How to Stay Healthy in Retirement: Keep Working

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Though many people look forward to retirement as an absolute end to their working days, new research shows that people who transition to temporary or part-time work after retiring often experience better health.

The finding is especially noteworthy given the fact that more people may be considering some kind of post-retirement work during the current economic downswing, said study co-author Mo Wang of the University of Maryland.

Psychologists looked at data from more than 12,000 people between the ages of 51 and 61 at the beginning of the study. The participants were interviewed every two years over a six-year period about their health, finances and employment or retirement life.

The researchers found that people who worked after retiring — be it part time work, self-employment or a temporary job — were less likely to suffer from major health conditions including cancer, high blood pressure, and cardiovascular disease, compared to retirees who stopped working completely.

"People may believe that stopping working is a good thing, but their health situation or mental situation may actually disagree," Wang said. "In reality work is a very functional thing for us to maintain our health and psychological wellbeing."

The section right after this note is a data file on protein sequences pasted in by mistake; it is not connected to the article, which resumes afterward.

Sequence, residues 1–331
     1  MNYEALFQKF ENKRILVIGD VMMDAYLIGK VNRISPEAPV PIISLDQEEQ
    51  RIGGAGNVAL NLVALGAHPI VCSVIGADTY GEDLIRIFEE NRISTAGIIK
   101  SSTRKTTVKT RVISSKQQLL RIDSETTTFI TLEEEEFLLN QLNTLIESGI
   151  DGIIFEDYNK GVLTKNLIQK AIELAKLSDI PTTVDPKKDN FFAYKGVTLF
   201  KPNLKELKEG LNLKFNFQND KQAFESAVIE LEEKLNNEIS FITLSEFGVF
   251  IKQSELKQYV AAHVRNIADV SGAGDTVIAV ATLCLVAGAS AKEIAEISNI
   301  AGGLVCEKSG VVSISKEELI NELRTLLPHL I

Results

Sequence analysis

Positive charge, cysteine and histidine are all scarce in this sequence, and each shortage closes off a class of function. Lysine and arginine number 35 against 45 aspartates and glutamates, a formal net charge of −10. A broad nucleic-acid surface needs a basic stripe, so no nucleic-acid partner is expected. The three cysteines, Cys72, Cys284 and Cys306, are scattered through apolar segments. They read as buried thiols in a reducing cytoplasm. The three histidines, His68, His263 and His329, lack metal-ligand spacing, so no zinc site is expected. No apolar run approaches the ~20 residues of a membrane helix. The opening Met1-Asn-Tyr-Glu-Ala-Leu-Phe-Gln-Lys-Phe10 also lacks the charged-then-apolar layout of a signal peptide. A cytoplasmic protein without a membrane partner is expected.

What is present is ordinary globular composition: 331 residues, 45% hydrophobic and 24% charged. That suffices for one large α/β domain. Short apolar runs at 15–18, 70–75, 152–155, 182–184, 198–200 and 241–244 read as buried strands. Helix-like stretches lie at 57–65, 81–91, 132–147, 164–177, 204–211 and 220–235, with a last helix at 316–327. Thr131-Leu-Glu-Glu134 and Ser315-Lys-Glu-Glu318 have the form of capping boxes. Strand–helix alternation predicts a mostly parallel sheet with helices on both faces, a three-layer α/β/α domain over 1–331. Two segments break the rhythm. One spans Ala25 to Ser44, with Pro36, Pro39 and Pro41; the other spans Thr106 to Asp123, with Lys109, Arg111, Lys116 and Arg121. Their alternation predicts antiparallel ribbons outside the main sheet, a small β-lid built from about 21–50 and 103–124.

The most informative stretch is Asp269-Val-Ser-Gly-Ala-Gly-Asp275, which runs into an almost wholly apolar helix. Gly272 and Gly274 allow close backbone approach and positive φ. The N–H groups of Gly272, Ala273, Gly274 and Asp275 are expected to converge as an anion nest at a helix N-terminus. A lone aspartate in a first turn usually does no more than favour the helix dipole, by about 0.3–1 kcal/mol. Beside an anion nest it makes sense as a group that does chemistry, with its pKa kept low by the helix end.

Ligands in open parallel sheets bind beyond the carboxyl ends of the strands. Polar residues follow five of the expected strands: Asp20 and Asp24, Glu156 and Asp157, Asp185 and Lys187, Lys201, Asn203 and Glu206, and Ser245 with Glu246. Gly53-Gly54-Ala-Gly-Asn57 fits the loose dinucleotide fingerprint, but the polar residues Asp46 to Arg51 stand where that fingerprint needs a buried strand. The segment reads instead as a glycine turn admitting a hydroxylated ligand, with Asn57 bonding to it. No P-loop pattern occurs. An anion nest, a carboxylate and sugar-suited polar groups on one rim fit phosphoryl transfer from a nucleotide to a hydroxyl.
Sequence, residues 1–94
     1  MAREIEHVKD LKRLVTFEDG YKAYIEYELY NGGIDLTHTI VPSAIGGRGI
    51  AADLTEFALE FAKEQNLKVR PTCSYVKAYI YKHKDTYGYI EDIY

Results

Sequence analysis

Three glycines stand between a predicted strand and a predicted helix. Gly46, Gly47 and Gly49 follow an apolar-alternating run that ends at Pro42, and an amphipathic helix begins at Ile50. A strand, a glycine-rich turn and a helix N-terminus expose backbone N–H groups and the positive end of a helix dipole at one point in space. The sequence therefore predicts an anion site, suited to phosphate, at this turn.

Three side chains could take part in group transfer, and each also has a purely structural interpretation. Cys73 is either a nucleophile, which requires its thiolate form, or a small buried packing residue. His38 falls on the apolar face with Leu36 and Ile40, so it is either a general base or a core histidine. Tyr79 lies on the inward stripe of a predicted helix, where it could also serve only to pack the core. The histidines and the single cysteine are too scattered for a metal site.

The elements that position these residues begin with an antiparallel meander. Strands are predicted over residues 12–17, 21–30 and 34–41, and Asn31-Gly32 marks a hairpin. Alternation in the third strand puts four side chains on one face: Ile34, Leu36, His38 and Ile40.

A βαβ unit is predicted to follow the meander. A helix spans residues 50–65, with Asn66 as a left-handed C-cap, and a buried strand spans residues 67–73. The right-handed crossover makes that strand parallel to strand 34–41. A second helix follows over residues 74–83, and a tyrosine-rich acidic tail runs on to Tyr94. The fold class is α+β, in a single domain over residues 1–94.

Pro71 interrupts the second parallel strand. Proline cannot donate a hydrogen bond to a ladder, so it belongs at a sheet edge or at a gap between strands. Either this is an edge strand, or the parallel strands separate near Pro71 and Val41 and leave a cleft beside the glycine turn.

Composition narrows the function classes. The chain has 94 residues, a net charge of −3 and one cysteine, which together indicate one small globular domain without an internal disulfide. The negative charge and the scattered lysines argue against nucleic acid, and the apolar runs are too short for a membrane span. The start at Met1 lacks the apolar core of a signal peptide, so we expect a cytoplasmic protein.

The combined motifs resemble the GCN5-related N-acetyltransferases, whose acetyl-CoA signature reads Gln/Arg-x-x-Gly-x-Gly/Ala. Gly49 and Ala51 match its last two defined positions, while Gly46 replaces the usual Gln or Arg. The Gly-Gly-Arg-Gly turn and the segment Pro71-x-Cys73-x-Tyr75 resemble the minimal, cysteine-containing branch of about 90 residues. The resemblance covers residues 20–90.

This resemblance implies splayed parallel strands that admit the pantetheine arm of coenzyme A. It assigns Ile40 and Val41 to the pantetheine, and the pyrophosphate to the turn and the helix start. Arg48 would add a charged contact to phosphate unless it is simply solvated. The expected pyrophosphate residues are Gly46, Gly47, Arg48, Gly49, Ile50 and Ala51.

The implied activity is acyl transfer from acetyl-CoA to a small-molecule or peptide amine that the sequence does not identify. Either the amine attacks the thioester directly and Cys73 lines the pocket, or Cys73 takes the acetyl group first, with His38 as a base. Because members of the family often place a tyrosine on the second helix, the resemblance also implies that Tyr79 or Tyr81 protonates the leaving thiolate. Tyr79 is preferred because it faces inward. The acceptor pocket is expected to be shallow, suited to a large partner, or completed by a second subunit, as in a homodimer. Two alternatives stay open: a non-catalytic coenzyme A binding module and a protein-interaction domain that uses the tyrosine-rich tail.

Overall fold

The research can't pin down the cause of this correlation, but Wang is not surprised by the results.

"If you keep working, that helps to maintain your lifestyle," he told LiveScience. "That makes your transition to retirement less bumpy. You still have a daily structure, you do lunch at a certain time. Working also helps you to maintain certain social contacts and social support."

In addition to the physical effects of working, Wang and colleagues also measured a mental-health effect. People who transitioned to work in a field related to their pre-retirement job were less likely to be depressed than people who transitioned to work in a new field, or people who stopped working altogether.

"We can speculate why," Wang said. "If people take to a new career field they are more likely to face new job demands and new social environments, and that could be stressful."

And stress can kill, other studies have shown.

Wang and colleagues say their results hold even after they removed any influence of people's previous health on their post-retirement outcomes.

"Of course the best predictor of your current health is your previous health," Wang said. "Compared to previous health, [working] has a relatively small effect. But when it's your health, any effect is important."

The study controlled for not only baseline physical and mental health, but also for age, sex, education level, and financial wealth. The findings are detailed in the October issue of the Journal of Occupational Health Psychology.

Clara Moskowitz
Clara has a bachelor's degree in astronomy and physics from Wesleyan University, and a graduate certificate in science writing from the University of California, Santa Cruz. She has written for both and Live Science.